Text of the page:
Former Nationwide general chairman and chief executive officer Dean W. Jeffers died today. He was 94.
Dean W. Jeffers, general chairman and chief executive officer, Nationwide Insurance (1972-1981) (Photo: Business Wire)
During his tenure as general chairman and chief executive officer (1972-1981), the Nationwide organization reflected his sense of responsible corporate leadership and caring for people. Nationwide prospered under Jeffers, tripling assets and extending operations.
A well-known business leader admired in the insurance industry and the community, Jeffers left an indelible mark on the city of Columbus through his efforts to revitalize downtown, including the construction of Nationwide’s world headquarters.
“The central Ohio community and the Nationwide family lost one of our finest leaders today,” said Nationwide CEO Steve Rasmussen. “His leadership enabled Nationwide to grow into the great company it is today and his values set a course for this company’s commitment to the communities we live in and the people we employ.”
Jeffers was born Sept. 7, 1916, near Woodsfield, Ohio. Jeffers held a bachelor’s degree in education from Ohio University and he also attended Western Reserve University.
After marrying his wife of 52 years, Ruthe Workman, and beginning his career as a teacher, he started selling auto insurance in 1940 as a part-time agent for Farm Bureau Mutual Automobile Insurance Company (which would be renamed Nationwide in 1955). He worked his way up through the company with various positions in claims, actuarial, underwriting, marketing and field operations. He was elected vice president of sales in 1956, a job he held for more than a dozen years. Jeffers was named vice president of marketing in 1964. He was elected Nationwide’s president and general manager in 1969.
He later noted he was particularly proud of his sales role, adding, “Nothing happens before you make a sale.” He was often referred to as “Nationwide’s Number One Salesman.”
After taking the helm as CEO, Jeffers made the bold decision to build the new Nationwide headquarters in what was then a blighted area of north Downtown, near the Ohio Penitentiary and across the street from the current headquarters at 246 N. High St.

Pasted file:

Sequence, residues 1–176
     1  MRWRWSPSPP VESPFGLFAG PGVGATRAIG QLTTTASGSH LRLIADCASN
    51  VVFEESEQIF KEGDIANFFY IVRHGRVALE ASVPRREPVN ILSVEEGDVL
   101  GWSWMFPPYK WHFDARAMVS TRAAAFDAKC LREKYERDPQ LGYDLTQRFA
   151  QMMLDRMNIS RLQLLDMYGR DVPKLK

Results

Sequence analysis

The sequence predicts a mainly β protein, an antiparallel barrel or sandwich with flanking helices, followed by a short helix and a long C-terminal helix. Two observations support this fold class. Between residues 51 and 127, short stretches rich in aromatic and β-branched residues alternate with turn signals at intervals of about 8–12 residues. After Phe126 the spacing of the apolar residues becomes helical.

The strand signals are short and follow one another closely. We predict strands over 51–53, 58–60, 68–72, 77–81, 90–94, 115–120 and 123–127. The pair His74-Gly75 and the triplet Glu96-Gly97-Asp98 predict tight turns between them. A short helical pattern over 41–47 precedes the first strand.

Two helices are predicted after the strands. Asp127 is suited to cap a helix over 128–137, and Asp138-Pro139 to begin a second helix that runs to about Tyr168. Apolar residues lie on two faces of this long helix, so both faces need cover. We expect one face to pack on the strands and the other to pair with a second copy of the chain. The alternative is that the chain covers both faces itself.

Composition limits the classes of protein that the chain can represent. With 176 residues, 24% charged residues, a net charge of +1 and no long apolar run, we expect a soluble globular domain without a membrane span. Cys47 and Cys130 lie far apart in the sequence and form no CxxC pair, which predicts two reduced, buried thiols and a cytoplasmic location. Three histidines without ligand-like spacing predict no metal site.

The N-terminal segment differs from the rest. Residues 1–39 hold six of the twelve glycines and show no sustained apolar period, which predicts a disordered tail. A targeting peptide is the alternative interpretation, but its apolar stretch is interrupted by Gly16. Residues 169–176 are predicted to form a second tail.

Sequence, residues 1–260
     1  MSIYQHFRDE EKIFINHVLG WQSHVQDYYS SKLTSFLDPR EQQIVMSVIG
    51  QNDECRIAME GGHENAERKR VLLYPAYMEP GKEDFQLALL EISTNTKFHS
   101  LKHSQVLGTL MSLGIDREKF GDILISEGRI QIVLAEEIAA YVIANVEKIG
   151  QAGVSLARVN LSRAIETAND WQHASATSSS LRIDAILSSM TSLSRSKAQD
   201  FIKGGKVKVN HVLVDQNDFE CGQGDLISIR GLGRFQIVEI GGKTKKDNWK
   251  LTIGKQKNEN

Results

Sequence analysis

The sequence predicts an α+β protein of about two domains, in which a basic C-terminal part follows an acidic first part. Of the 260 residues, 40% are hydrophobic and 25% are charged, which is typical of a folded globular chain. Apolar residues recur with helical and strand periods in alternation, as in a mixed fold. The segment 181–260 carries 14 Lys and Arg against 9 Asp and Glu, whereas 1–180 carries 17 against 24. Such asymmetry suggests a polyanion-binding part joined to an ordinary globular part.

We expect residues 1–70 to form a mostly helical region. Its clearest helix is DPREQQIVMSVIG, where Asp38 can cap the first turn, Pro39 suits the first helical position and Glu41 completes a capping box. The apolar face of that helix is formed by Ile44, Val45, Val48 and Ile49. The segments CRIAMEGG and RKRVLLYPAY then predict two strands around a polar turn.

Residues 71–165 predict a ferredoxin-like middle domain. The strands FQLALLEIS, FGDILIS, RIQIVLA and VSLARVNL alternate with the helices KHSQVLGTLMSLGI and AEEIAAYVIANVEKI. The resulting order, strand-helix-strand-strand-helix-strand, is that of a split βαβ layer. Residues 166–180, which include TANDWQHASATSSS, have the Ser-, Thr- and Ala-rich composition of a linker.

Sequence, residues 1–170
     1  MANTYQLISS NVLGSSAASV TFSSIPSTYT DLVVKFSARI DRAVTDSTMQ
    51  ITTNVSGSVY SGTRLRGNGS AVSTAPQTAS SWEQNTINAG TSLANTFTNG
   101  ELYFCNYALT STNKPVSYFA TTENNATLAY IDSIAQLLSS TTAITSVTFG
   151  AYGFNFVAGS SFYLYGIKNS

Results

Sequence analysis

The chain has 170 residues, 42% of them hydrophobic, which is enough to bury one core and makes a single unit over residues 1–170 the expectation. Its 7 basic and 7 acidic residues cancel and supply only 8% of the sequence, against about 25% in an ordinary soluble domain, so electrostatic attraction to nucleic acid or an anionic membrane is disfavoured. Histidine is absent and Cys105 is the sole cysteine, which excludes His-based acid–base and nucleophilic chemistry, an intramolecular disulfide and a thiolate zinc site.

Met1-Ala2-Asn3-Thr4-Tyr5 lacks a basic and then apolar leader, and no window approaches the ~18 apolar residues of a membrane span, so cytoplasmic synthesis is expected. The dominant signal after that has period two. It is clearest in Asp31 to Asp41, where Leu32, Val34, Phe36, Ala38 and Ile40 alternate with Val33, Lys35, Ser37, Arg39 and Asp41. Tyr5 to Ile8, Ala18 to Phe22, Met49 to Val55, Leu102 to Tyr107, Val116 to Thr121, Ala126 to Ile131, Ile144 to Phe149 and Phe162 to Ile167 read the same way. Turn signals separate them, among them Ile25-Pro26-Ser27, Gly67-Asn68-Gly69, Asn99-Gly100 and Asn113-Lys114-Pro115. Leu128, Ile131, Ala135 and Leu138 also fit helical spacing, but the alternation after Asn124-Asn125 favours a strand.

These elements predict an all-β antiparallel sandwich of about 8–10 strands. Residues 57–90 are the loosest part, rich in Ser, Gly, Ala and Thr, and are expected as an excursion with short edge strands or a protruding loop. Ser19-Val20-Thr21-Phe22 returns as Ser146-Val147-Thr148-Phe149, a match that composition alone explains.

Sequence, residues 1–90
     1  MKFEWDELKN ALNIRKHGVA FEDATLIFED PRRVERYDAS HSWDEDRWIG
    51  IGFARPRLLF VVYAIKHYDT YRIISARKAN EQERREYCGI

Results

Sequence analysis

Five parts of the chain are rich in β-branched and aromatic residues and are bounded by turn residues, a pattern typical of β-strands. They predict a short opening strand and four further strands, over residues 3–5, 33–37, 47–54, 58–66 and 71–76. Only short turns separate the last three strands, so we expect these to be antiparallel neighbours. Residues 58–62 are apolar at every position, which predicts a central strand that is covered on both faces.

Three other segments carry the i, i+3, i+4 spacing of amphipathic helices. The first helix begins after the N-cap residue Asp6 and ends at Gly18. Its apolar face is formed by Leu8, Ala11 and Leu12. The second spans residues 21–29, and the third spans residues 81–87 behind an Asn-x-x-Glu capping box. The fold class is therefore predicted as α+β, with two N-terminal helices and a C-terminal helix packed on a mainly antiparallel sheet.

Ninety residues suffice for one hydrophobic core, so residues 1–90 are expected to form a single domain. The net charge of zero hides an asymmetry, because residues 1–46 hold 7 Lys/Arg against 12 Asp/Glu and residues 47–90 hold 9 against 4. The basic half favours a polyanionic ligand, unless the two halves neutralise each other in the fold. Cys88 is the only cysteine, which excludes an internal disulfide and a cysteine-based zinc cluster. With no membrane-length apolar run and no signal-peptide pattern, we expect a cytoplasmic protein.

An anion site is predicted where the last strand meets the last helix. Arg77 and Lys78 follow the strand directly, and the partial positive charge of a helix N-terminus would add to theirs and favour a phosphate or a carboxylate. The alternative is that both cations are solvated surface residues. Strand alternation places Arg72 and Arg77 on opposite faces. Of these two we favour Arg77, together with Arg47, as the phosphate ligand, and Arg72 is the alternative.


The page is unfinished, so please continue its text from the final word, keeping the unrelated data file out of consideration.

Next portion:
Jeffers believed Nationwide could make a major contribution to the growth of Columbus by building downtown and revitalizing the area. His decision to create the $80 million One Nationwide Plaza served as a catalyst for a rebirth that included a new federal building, the Ohio Center and convention center, the Hyatt Regency, Nationwide’s 280 Plaza and Plaza 3 buildings, a state office building, and most recently the Nationwide Arena and accompanying Arena District.
A distinguished leader and spokesman for the insurance industry, Jeffers served as a director of the American Council of Life Insurance (ACLI) and chaired the ACLI Committee on Economic Policy. He was a director and chairman of the Health Insurance Association of America, and a member of the Property-Casualty Insurance Council.
Jeffers made it a tradition to personally wish every home office employee “Merry Christmas” ???‚?? it took him three days to make the rounds to shake hands with 5,000 employees.
Jeffers transferred caring for people into community service, serving as chairman of the Columbus Area Chamber of Commerce, United Way of Central Ohio campaign, and the United Way Advisory Committee. He served on the board of trustees of the Columbus Symphony Orchestra, Ohio Dominican College, Ohio University, and Springfield (Mass.) College. Jeffers was extremely active in the founding of The Arthur G. James Cancer Hospital at The Ohio State University and served as member of The James Foundation.
Jeffers also served on the board of directors of American Electric Power, Ohio Bell Telephone Company, Orange-Co. Inc, as well as the boards of Ohio University and The Ohio State University Hospitals.
His outstanding civic contributions garnered numerous honors: The Columbus Award from the Columbus Area Chamber of Commerce, the Ohio Governor’s Award, the Christopher Columbus Award from the Columbus USA Association, and the United Negro College Fund National Distinguished Service Award. He also earned an honorary Doctor of Humanities Degree from both Ohio Dominican College and Springfield College, and an Honorary Doctor of Laws degree from Ohio University.
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